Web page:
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DonPardo

Dominick George "Don" Pardo (February 22, 1918 - August 18, 2014 from Westfield, Massachusetts) is an American radio and television announcer who began his career in 1938 at WJAR-AM in Providence, Rhode Island, later joining NBC as a staff announcer in 1944; during World War II, he worked as a war reporter for NBC Radio.

For game show fans, Pardo is recognizable from his work on many beloved (and mostly gone) games including Winner Take All (1952), Eye Guess (1966-67), and Three on a Match (1971-74). His seven years as "Brother Pardo" on the original version of The Price Is Right (1956-63) are notable for being the only time he hosted a game show, filling in for Bill Cullen on December 31, 1959 and December 28, 1962; he also appeared on-camera at least twice: April 16, 1958 (nighttime) when his sixth child was born just minutes before airtime, and his last episode on September 6, 1963.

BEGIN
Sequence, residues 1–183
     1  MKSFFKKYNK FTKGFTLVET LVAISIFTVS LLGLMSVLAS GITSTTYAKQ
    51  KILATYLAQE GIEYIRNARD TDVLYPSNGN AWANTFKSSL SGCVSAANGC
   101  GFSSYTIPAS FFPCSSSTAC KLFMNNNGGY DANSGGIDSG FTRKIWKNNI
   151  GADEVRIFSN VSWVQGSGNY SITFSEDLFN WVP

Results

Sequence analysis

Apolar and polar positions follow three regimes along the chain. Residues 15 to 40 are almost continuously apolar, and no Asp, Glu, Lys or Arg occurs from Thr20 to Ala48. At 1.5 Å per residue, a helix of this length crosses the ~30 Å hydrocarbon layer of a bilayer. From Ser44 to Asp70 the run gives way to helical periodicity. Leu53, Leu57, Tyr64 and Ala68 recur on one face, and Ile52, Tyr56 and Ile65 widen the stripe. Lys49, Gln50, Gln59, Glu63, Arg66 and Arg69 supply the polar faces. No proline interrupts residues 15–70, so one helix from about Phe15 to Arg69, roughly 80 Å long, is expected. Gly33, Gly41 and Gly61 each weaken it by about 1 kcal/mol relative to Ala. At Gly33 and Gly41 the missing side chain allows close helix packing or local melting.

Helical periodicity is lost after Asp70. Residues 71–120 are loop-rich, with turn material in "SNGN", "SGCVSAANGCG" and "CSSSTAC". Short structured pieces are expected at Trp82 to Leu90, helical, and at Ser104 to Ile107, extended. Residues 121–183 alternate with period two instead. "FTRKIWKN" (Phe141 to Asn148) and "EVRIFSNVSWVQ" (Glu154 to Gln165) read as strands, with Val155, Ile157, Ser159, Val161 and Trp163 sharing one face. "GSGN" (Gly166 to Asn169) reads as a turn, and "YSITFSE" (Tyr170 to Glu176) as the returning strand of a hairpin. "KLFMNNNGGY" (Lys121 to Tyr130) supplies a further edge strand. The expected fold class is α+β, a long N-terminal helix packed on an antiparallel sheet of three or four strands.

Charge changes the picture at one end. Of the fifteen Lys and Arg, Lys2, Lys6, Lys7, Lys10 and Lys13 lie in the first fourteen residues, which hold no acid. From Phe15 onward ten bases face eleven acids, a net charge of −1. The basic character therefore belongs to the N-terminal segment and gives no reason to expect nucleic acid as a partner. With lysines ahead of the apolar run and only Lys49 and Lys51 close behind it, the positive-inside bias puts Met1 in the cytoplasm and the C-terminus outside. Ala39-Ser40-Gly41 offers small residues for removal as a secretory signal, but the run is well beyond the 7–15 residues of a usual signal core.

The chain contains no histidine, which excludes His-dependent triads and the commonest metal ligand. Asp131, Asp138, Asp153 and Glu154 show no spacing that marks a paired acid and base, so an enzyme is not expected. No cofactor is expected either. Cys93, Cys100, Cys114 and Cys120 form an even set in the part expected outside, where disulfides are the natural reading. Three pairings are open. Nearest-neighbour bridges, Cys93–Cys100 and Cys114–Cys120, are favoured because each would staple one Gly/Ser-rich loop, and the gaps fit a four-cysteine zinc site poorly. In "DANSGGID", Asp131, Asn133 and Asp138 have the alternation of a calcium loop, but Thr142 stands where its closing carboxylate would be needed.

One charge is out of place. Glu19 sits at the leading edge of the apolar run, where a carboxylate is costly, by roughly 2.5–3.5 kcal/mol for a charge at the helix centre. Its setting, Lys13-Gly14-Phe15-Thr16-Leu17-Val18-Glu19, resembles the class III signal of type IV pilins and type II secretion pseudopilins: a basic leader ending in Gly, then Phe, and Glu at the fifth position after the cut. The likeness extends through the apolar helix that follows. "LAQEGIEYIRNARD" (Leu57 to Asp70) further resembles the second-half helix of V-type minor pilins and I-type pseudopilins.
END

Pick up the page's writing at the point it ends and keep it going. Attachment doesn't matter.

Don is also famous for his work on the original Jeopardy! (1964-75), returning as announcer for "Weird Al" Yankovic's music video "I Lost on Jeopardy" (which also featured Art Fleming). Amusingly, Johnny Gilbert, who does the current version of Jeopardy!, replaced Pardo on Price in 1963 and also filled in for Cullen.

Generally, Pardo's most recognized work is NBC's long-running Saturday Night Live (originally NBC's Saturday Night), a job he held well after having officially retired from the network, albeit prerecording his portions from his Arizona home beginning with Season 36. His appearances include various game show parodies (most notably Jeopardy! 1999) and an on-air celebration of his 90th birthday (February 23, 2008).

Among many other things, Don was announcer of WNBC-TV's Live at Five newscasts (often seen on-camera) and did the same for the Macy's Thanksgiving Day Parade until 1999. In 2010, he was inducted into the Television Hall of Fame.

Wheel of FortuneEdit

Pardo announced the nighttime weeks of November 14 and 21, 1988, which comprised the show's trip to Radio City Music Hall in New York and the only time someone filled in for M. G. Kelly. It is believed to have been Don's only game show work since the original version of Jackpot! ended on September 26, 1975.

DeathEdit

Don died in his sleep on August 18, 2014 from Tucson, Arizona. A week after his death, NBC announced that SNL alumnus Darrell Hammond would be the new announcer.

External LinksEdit

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